Did You Know You’re Leaking Memories? Here’s How, and What to Do About It

The New ‘Lost Generation’ Photojournalist and memory evangelist Kevin Gilbert says we’re losing millions of photos a year due to our increasing reliance on mobile technology – and human error. He’s on a mission to help preserve and protect those photo memories before they’re lost forever. Q: In addition to photojournalist, you call yourself a memory evangelist. What’s a memory evangelist? I’m someone who is constantly talking about memories. Capturing memories, finding memories and saving memories. I’m focused on photographs, because that’s my background. Photographs are great memory triggers. When you’re talking about photographs, you’re really talking about important memories. Q: You spoke at TEDxBeaconStreet in Boston last year about the “Lost Generation” – what do you mean by that term? I use the term “Lost Generation” because in many ways, our photo memories are lost to us. They’re lost because we can’t find them: they’re scattered across computers, cameras, smartphones and the web. We’re taking more photos and capturing more memories than any time in recorded history – we’ll take 880 billion photos this year alone. We take photos with cameras, phones or tablets, or wearables like Google Glass. Technology is a wonderful thing. It allows us to take more… Continue reading Did You Know You’re Leaking Memories? Here’s How, and What to Do About It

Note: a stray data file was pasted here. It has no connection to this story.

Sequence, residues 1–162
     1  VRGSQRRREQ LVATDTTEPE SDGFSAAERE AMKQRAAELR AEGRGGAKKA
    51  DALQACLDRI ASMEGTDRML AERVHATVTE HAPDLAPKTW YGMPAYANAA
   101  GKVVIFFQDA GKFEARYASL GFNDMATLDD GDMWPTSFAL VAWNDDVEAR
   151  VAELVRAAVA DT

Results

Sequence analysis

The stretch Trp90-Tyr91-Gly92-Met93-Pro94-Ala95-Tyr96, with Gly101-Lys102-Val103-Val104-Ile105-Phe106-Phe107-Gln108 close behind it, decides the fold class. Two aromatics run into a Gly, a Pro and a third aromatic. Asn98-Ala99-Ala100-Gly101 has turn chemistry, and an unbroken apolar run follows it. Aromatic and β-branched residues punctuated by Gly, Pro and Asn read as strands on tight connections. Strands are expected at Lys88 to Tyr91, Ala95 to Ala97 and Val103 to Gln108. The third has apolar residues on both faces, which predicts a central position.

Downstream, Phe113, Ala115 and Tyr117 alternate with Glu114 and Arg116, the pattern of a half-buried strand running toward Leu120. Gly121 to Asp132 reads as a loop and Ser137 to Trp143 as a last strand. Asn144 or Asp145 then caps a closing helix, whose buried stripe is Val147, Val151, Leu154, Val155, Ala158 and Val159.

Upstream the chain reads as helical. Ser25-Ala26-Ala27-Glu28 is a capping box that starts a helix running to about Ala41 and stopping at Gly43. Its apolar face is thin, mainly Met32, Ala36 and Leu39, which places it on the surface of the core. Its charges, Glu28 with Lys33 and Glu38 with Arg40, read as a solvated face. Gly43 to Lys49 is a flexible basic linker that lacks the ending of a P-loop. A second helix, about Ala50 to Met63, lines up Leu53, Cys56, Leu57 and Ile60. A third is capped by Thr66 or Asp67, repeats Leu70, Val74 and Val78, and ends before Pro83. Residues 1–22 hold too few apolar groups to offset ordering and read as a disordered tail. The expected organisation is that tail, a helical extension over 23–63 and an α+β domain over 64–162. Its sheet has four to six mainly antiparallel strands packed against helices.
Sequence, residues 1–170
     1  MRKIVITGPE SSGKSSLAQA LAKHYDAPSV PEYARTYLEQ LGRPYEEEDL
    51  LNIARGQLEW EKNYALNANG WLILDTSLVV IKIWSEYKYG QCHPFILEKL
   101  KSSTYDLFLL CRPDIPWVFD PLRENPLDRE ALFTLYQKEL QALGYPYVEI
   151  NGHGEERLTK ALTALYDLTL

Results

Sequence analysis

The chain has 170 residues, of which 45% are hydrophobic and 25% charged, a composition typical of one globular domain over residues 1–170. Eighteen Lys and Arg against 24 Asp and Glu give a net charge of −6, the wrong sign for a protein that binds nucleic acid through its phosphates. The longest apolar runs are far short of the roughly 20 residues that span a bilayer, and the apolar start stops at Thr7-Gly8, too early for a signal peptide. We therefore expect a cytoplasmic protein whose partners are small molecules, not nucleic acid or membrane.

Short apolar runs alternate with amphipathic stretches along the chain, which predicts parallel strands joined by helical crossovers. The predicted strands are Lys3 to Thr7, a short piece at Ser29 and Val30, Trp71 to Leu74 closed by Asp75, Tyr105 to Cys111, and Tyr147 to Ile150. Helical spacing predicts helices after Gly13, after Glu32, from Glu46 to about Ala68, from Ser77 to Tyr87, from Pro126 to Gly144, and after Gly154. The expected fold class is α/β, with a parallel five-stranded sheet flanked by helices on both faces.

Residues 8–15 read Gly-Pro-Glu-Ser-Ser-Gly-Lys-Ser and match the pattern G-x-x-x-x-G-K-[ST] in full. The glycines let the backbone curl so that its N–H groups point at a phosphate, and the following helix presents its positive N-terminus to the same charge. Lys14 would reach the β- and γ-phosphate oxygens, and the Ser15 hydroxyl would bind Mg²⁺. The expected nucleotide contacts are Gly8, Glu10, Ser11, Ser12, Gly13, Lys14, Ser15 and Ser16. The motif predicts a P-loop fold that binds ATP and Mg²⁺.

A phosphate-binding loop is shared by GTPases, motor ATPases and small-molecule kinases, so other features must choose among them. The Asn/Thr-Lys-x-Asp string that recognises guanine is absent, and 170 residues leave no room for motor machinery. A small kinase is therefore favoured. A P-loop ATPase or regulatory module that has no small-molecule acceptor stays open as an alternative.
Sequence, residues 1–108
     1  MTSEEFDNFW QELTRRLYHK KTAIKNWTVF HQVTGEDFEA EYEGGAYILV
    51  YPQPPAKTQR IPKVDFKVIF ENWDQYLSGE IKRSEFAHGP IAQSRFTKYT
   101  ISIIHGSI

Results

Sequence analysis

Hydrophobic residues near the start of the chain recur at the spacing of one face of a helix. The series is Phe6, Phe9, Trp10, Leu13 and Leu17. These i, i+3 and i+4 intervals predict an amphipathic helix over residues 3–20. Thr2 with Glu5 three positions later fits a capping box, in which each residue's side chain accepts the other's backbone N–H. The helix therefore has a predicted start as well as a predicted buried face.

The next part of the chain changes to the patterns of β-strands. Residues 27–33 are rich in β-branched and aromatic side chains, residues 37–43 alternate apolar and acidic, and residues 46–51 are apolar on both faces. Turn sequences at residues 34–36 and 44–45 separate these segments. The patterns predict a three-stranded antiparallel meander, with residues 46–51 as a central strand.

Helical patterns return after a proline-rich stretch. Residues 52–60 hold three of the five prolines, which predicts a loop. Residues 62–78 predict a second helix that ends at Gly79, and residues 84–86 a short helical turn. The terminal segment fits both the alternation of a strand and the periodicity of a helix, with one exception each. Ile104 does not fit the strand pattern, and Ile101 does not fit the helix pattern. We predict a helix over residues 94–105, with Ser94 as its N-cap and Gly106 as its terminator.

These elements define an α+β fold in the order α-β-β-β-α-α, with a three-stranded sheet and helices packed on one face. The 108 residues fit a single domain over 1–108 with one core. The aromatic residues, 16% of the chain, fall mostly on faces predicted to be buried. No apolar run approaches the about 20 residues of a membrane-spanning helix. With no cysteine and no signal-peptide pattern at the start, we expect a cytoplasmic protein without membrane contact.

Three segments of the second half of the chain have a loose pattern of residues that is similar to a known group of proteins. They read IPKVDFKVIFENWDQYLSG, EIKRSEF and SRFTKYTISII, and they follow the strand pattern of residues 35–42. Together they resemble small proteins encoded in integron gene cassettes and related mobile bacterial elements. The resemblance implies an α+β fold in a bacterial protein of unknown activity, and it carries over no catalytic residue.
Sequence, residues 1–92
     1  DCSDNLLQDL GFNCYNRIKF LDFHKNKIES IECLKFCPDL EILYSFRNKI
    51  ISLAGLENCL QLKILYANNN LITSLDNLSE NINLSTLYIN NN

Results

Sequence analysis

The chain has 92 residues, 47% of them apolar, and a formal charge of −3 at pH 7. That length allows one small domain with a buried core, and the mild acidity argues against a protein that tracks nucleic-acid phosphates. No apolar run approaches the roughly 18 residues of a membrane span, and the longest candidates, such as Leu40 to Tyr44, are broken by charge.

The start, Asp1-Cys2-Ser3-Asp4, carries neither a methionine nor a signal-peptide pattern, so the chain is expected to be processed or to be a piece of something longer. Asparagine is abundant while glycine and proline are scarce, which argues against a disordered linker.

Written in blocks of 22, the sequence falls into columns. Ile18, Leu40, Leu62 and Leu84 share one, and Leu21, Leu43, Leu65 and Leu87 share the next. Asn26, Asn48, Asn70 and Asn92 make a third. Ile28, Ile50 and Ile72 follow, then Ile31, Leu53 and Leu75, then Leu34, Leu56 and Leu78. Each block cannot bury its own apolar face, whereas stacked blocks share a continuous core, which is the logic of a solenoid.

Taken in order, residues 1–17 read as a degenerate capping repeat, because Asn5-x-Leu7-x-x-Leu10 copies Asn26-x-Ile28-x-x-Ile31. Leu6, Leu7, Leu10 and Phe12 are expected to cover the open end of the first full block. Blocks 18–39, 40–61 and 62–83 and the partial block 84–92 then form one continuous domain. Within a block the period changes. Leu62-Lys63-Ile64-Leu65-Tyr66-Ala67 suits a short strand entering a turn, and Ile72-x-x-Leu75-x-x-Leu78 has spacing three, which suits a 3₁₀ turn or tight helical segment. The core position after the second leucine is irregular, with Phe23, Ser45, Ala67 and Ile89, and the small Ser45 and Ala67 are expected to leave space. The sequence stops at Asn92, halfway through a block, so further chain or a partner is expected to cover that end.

Bringing Papy Back to Life